(4) Uplift — when two events occur together more frequently than you would expect from random chance, then their mutual dependence causes uplift. Statistical lift is simply measured by: P(X,Y)/[P(X)P(Y)]. The numerator P(X,Y) represents the joint frequency of two events X and Y co-occurring simultaneously. The denominator represents the probability that the two events X and Y will co-occur (at the same time) at random. If X and Y are completely independent events, then the numerator will equal the denominator – in that case (mutual independence), the uplift equals 1 (i.e., no lift). Conversely, if there is a higher than random co-occurrence of X and Y, then the statistical lift flies to values that are greater than 1 — that’s uplift! And that’s interesting. Cases with significant uplift can be marketing gold for your organization: in customer recommendation engines, in fraud detection, in targeted marketing campaigns, in community detection within social networks, or in mining electronic health records for adverse drug interactions and side effects.

These and other such instances of high-flying data are increasingly challenging to identify in the era of big data: high volume and high variety produce big computational challenges in searching for data that fly in interesting directions (especially in complex high-dimensional data sets). To achieve efficient and effective discovery in these cases, fast automatic statistical modeling can help. For this purpose, I recommend that you check out the analytics solutions from the fast automatic modeling folks at http://soft10ware.com/.

The Soft10 software package is trained to report automatically the most significant, informative and interesting dependencies in your data, no matter which way the data fly.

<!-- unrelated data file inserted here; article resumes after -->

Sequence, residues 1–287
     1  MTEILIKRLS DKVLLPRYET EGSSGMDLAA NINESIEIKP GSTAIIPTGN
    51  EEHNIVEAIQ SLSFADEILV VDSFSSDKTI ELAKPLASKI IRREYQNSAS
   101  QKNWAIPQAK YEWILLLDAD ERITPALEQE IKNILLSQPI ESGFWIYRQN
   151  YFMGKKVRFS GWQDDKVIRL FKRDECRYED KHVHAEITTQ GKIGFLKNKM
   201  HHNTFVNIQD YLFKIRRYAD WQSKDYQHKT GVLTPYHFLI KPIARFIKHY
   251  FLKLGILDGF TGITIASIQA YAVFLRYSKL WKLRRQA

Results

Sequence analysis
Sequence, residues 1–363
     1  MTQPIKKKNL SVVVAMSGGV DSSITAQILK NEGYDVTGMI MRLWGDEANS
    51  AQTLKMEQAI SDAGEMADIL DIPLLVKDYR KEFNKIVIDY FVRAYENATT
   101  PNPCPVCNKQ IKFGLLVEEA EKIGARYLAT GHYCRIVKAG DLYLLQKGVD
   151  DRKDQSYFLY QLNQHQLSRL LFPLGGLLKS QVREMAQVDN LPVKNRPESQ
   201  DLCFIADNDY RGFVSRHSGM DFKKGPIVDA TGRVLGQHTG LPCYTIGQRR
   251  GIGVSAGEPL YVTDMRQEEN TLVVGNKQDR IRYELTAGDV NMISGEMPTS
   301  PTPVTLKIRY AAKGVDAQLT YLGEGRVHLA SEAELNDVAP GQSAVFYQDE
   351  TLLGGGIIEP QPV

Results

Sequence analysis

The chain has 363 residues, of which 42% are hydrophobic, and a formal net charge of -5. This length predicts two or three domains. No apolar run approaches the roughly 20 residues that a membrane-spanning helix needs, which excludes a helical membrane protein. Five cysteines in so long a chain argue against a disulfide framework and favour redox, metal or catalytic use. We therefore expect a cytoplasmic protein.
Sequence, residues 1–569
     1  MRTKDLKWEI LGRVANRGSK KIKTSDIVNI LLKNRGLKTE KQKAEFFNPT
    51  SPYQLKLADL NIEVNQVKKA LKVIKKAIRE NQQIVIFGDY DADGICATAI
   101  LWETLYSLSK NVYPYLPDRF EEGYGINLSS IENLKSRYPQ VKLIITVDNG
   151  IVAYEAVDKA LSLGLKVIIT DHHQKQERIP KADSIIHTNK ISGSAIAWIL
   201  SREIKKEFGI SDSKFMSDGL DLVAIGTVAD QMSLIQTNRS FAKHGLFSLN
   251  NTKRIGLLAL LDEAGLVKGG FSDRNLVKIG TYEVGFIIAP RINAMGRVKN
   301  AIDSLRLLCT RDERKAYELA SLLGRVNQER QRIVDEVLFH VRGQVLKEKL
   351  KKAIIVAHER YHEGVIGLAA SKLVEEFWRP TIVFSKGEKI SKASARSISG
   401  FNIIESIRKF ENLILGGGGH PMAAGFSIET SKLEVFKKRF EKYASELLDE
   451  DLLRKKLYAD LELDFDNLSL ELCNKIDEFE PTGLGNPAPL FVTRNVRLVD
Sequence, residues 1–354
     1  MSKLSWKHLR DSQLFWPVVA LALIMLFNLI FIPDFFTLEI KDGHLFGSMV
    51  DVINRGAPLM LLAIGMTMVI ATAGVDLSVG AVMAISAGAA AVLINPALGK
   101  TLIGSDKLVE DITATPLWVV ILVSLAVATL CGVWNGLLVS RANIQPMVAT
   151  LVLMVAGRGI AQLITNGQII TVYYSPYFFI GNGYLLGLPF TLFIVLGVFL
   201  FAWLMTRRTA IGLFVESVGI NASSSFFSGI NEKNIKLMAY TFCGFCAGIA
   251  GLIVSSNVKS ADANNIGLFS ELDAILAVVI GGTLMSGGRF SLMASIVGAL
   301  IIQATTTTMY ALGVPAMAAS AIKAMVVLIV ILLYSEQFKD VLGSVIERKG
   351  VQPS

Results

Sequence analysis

(Read the full blog, with more details for the 4 cases listed above, at: https://www.linkedin.com/pulse/when-data-fly-kirk-borne)

Follow Kirk Borne on Twitter @KirkDBorne

Reach Analytics Maturity through Fast Automatic Modeling

The late great baseball legend Yogi Berra was credited with saying this gem: “The future ain’t what it used to be.” In the context of big data analytics, I am now inclined to believe that Yogi was very insightful — his statement is an excellent description of Prescriptive Analytics.

Prescriptive Analytics goes beyond Descriptive and Predictive Analytics in the maturity framework of analytics. “Descriptive” analytics delivers hindsight (telling you what did happen, by generating reports from your databases), and “predictive” delivers foresight (telling you what will happen, through machine learning algorithms). Going one better, “prescriptive” delivers insight: discovering so much about your application domain (from your collection of big data and information resources, through data science and predictive models) that you are now able to take the actions (e.g., set the conditions and parameters) needed to achieve a prescribed (better, optimal, desired) outcome.